This function implements the Box and Cox (1964) method of selecting a power transformation of a variable toward normality, and its generalization by Velilla (1993) to a multivariate response. Cook and Weisberg (1999) and Weisberg (2014) suggest the usefulness of transforming a set of predictors `z1, z2, z3`

for multivariate normality. It also includes two additional families that allow for negative values.

If the `object`

argument is of class ‘lm’ or ‘lmerMod’, the Box-Cox procedure is applied to the conditional distribution of the response given the predictors. For ‘lm’ objects, the respose may be multivariate, and each column will have its own transformation. With ‘lmerMod’ the response must be univariate.

The `object`

argument may also be a formula. For example, `z ~ x1 + x2 + x3`

will estimate a transformation for the response `z`

from a family after fitting a linear model with the given formula. `cbind(y1, y2, y3) ~ 1`

specifies transformations
to multivariate normality with no predictors. A vector value for `object`

, for example
`powerTransform(ais$LBM)`

, is equivalent to`powerTransform(LBM ~ 1, ais)`

. Similarly, `powerTransform(cbind(ais$LBM, ais$SSF))`

, where the first argument is a matrix rather than a formula is equivalent to specification of a mulitvariate linear model `powerTransform(cbind(LBM, SSF) ~ 1, ais)`

.

Three families of power transformations are available. The default Box-Cox power family (`family="bcPower"`

) of power transformations effectively replaces a vector by that vector raised to a power, generally in the range from -3 to 3. For powers close to zero, the log-transformtion is suggested. In practical situations, after estimating a power using the `powerTransform`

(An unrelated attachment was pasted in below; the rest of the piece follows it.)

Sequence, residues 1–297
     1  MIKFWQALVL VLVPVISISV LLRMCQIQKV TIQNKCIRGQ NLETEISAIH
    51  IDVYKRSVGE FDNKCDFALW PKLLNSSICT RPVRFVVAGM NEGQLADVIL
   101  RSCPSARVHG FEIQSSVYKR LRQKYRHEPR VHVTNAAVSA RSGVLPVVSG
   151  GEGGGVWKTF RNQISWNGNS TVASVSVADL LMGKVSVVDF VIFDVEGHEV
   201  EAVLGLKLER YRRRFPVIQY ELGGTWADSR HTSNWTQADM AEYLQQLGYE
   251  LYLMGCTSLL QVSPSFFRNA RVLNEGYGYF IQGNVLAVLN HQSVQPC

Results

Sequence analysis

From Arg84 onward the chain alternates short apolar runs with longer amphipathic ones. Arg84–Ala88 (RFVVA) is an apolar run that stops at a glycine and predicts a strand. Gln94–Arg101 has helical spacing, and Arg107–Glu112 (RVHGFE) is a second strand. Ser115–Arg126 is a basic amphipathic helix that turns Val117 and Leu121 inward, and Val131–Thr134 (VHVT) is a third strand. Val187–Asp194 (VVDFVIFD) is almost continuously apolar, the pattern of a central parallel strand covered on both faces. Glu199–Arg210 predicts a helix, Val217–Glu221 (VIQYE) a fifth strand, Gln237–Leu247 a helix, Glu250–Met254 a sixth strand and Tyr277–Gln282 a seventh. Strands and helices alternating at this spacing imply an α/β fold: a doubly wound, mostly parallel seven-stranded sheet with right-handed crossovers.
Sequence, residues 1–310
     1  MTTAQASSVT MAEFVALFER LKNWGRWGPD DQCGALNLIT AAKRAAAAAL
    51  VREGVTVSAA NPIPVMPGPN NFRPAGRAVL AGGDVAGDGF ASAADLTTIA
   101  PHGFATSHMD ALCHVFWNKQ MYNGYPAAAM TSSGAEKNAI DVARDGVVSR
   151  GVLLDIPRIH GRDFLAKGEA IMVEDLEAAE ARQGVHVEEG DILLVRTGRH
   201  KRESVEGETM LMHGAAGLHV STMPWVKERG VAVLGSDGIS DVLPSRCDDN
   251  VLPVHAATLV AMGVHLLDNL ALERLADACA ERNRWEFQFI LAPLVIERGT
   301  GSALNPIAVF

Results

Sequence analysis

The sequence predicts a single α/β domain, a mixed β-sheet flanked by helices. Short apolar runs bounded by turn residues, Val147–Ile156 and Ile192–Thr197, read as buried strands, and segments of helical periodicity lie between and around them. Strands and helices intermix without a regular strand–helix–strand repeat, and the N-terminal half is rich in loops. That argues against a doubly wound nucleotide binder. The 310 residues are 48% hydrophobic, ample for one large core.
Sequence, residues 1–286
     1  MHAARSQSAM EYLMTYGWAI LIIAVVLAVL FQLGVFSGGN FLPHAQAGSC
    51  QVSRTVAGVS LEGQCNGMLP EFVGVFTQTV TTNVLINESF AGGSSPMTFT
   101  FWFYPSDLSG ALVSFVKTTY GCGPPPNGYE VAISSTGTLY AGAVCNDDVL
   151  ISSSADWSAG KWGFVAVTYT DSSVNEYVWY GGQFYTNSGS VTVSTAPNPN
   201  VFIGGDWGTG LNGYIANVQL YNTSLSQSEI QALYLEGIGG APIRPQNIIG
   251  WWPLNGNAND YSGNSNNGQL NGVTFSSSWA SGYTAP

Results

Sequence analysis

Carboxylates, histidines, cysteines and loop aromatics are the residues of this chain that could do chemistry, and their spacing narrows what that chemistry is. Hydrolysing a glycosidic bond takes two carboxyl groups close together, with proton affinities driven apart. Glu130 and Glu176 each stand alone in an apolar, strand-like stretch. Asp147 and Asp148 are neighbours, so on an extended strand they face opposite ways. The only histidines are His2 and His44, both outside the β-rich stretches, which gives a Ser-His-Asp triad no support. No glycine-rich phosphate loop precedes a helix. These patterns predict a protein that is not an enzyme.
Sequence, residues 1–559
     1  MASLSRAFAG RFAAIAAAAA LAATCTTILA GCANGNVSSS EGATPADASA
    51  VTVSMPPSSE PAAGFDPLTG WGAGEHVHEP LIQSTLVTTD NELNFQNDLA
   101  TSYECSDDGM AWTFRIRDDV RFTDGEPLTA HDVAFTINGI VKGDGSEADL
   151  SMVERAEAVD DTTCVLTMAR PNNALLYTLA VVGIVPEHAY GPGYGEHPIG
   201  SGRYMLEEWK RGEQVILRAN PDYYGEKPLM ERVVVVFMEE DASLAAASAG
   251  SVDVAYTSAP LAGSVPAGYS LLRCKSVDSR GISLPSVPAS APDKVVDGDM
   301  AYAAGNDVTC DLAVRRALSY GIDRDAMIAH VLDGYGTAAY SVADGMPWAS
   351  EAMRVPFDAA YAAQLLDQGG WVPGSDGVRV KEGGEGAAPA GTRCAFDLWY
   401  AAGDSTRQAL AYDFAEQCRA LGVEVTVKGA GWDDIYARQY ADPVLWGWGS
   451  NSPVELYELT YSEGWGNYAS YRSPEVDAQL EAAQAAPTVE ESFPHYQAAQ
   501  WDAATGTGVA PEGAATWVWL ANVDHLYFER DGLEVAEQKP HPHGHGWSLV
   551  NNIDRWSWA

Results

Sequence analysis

function, a variable would be replaced by a simple power transformation of it, for example, if \(\lambda\approx 0.5\), then the correspoding variable would be replaced by its square root; if \(\lambda\) is close enough to zero, the the variable would be replaced by its natural logarithm. The Box-Cox family requires the responses to be strictly positive.

The `family="bcnPower"`

, or Box-Cox with negatives, family proposed by Hawkins and Weisberg (2017) allows for (a few) non-positive values, while allowing for the transformed data to be interpreted similarly to the interpretation of Box-Cox transformed values. This family is the Box-Cox transformation of \(z = .5 * (y + (y^2 + \gamma^2)^{1/2})\) that depends on a location parameter \(\gamma\). The quantity \(z\) is positive for all values of \(y\). If \(\gamma = 0\) and \(y\) is strictly positive, then the Box-Cox and the bcnPower transformations are identical. When fitting the Box-Cox with negatives family, `lambda`

is restricted to the range [-3, 3], and `gamma`

is restricted to the range from `gamma.min=.1`

to the largest positive value of the variable, since values outside these ranges are unreasonable in practice. The value of `gamma.min`

can be changed with an argument to `powerTransform`

.

The final family `family="yjPower"`

uses the Yeo-Johnson transformation, which is the Box-Cox transformation of \(U+1\) for nonnegative values, and of \(|U|+1\) with parameter \(2-\lambda\) for \(U\) negative and thus it provides a family for fitting when (a few) observations are negative. Because of the unusual constraints on the powers for positive and negative data, this transformation is not used very often, as results are difficult to interpret. In practical problems, a variable would be replaced by its Yeo-Johnson transformation computed using the `yjPower`

function.

The function `testTransform`

is used to obtain likelihood ratio tests for any specified value for the transformation parameter(s).

Computations maximize the likelihood-like functions described by Box and Cox (1964) and by Velilla (1993). For univariate responses, the computations are very stable and problems are unlikely, although for ‘lmer’ models computations may be very slow because the model is refit many times. For multivariate responses with the `bcnPower`

family, the computing algorithm may fail. In this case we recommend adding the argument `itmax = 1`

to the call to `powerTransform`

. This will return the starting value estimates of the transformation parameters, fitting a d-dimensional response as if all the d responses were independent.